I was recently asked to consider the question “What will be the impact of your research in 2025?” As a second year PhD student, the focus of my research is very much on the present (How are my interviews going? Am I finding answers to the question I’m investigating? How am I going to write it all up?). Being asked to take a step back and think about the ‘impact’ of my research ten years down the line was quite a daunting proposal.
Indeed, there are jokes in PhD-land that only a very small number of people will ever read your final dissertation – your supervisors, your examiners, and maybe a very generous family member who is willing to read a bit further than the acknowledgements page.
Posed with this question of impact, I reflected on how I might define PhD research that has ‘impact’: are there people out there whose PhDs will lead to significant reductions in carbon emissions in sectors such as food or transport? Will one of my colleagues take renewable energy technologies a significant step further? What about my research, a study about the motivations for, and practices of, community-based action on climate change in Scotland? If research impact is about making a ‘demonstrable contribution to society’, what will be the contribution of my research?
In a research impact masterclass with Sir John Beddington, chair of the Global Academies at the University of Edinburgh and who previously held the position of Chief Science Adviser to the UK Government, I was struck by the diversity of PhD topics in the room, and the possibilities for impact in so many ways. As colleagues, we discussed issues such as the demand for low-carbon food products in Scotland, mental health in female prisoners in Latin America and the safe disposal of plastic and electronic waste from solar products in Kenya. We considered how impact can include consumer-level behaviour change in order to reduce carbon emissions or input and change to local or national policies. I reflected on how my research about people’s motivations for community-level action on climate change could have impact in terms of how we influence and motivate a greater number of people, communities and companies to take action on climate change and how values drive climate action.
So, what do you think? How might your research have impact in 2025? Whether at Masters or PhD level, in what ways are you developing and carrying out your research so that the results will have an impact on society?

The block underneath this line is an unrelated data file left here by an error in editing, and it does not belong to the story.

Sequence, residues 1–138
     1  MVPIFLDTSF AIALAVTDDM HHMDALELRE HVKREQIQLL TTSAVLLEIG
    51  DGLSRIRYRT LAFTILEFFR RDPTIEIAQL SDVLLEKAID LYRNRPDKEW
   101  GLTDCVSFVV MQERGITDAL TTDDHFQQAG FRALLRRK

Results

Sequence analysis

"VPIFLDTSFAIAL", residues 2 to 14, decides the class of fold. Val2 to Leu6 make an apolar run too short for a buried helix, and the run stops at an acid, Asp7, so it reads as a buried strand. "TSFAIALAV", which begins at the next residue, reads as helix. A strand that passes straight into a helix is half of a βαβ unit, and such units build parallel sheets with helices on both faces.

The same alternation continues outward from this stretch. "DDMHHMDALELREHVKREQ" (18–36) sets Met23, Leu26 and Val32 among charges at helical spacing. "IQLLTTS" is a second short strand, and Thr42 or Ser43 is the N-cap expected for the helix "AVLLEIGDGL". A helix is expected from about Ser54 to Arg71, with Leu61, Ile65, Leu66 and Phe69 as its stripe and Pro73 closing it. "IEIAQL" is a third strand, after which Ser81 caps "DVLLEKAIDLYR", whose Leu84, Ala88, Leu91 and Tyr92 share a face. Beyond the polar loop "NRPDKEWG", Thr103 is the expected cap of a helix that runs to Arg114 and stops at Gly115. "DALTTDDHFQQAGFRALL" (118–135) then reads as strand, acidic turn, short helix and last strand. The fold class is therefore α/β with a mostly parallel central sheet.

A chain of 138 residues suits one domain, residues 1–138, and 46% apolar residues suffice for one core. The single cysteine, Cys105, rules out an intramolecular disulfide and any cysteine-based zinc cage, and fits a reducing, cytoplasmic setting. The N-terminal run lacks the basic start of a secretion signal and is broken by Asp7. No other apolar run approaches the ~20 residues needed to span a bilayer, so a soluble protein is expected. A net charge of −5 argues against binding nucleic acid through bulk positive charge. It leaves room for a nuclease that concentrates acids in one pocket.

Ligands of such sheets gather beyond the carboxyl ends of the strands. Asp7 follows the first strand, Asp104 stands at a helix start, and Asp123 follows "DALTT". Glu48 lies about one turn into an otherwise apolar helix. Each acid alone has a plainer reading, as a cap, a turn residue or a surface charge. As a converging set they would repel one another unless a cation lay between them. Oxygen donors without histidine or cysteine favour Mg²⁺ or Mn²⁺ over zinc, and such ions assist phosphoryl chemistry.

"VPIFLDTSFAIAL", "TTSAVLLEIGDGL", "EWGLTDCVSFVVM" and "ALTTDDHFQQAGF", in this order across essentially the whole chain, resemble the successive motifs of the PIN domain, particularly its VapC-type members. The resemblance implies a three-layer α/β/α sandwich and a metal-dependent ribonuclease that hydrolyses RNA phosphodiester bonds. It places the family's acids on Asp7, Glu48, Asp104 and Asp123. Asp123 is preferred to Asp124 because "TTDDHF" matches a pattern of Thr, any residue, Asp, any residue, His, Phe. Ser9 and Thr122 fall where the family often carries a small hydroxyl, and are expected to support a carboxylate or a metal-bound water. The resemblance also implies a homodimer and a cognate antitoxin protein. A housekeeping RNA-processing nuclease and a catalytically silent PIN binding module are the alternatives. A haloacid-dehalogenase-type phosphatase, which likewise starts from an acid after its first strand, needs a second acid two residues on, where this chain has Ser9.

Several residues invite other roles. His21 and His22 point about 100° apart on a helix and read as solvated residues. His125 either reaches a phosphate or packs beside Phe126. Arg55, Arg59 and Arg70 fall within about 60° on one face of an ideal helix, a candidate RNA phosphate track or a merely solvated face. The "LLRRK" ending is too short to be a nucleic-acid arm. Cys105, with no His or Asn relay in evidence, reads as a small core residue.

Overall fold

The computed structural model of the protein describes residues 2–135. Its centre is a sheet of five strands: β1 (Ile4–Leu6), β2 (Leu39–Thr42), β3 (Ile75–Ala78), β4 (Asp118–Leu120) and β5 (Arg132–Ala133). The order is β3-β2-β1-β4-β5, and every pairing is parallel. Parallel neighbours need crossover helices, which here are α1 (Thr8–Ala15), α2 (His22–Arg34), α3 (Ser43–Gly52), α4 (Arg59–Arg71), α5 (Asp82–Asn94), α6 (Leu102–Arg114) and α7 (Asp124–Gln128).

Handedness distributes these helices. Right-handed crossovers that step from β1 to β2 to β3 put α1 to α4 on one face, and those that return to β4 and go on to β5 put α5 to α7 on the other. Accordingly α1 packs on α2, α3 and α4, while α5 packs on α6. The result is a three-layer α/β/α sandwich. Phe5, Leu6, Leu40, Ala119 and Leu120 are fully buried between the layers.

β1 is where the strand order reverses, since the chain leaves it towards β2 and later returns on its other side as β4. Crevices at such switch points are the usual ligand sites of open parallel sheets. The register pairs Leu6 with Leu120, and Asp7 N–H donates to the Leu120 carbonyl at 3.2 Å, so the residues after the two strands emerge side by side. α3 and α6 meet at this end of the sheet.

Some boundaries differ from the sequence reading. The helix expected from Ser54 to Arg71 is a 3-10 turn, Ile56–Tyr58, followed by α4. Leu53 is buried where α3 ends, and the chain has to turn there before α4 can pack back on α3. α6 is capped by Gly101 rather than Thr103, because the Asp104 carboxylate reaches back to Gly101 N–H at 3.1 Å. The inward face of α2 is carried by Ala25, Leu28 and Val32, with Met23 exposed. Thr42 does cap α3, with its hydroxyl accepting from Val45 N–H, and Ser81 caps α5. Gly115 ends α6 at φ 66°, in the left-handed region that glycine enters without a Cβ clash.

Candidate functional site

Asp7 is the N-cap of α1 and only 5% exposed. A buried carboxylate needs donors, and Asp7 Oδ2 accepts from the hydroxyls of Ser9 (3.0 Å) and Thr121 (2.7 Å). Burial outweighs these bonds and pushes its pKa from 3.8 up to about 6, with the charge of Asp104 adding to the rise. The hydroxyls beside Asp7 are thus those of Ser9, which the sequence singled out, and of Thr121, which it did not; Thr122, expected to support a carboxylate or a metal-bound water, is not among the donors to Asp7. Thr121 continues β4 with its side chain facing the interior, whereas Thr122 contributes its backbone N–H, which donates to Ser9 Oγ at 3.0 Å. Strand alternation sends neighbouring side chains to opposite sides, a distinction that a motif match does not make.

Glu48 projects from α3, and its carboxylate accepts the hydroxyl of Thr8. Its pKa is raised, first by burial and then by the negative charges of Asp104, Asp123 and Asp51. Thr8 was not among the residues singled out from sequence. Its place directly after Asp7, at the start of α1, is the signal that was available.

For more information about how the ESRC defines impact, see http://www.esrc.ac.uk/funding-and-guidance/impact-toolkit/what-how-and-why/what-is-research-impact.aspx
The overall aim of my research is to investigate the ways in which communities are involved with the issue of climate change at a local and national level in Scotland; to discover the underlying reasons and motivations for their engagement; and to investigate whether issues of temporality can play an important role in motivating action. Temporality is of particular interest because of the dominance of short-termism in western society in particular (economic quarters, financial years, 5 year election cycles) set against the long-term challenges of climate change (mitigation targets ‘by 2050’ and climate change impacts ‘in the latter half of the century’, for example). The working title of my PhD is “Faithful Advocates: What are the motivations, values and practices of faith-based climate activists, with particular regard to temporality?”
Alice has a background in science communication and previously worked as a diplomat for the UK’s Foreign and Commonwealth Office. As Head of Science and Innovation for the Nordic region, she was also responsible for climate change, environment and energy policy issues at the British Embassy in Stockholm from 2003-2008. She was seconded to the Climate Change Unit at the Swedish Ministry for the Environment in 2008-2009 (operating fully in Swedish) and was a delegate to the UNFCCC climate change meetings during this period.
Alice holds a BSc (Hons) in Environmental Biology from the University of York, an MSc in Science Communication from the University of Glamorgan, and completed an MDiv (theology/divinity) at North Park Theological Seminary, Chicago, prior to starting her PhD in September 2013. Given this somewhat interdisciplinary background, she is delighted to be doing an interdisciplinary PhD (politics/divinity).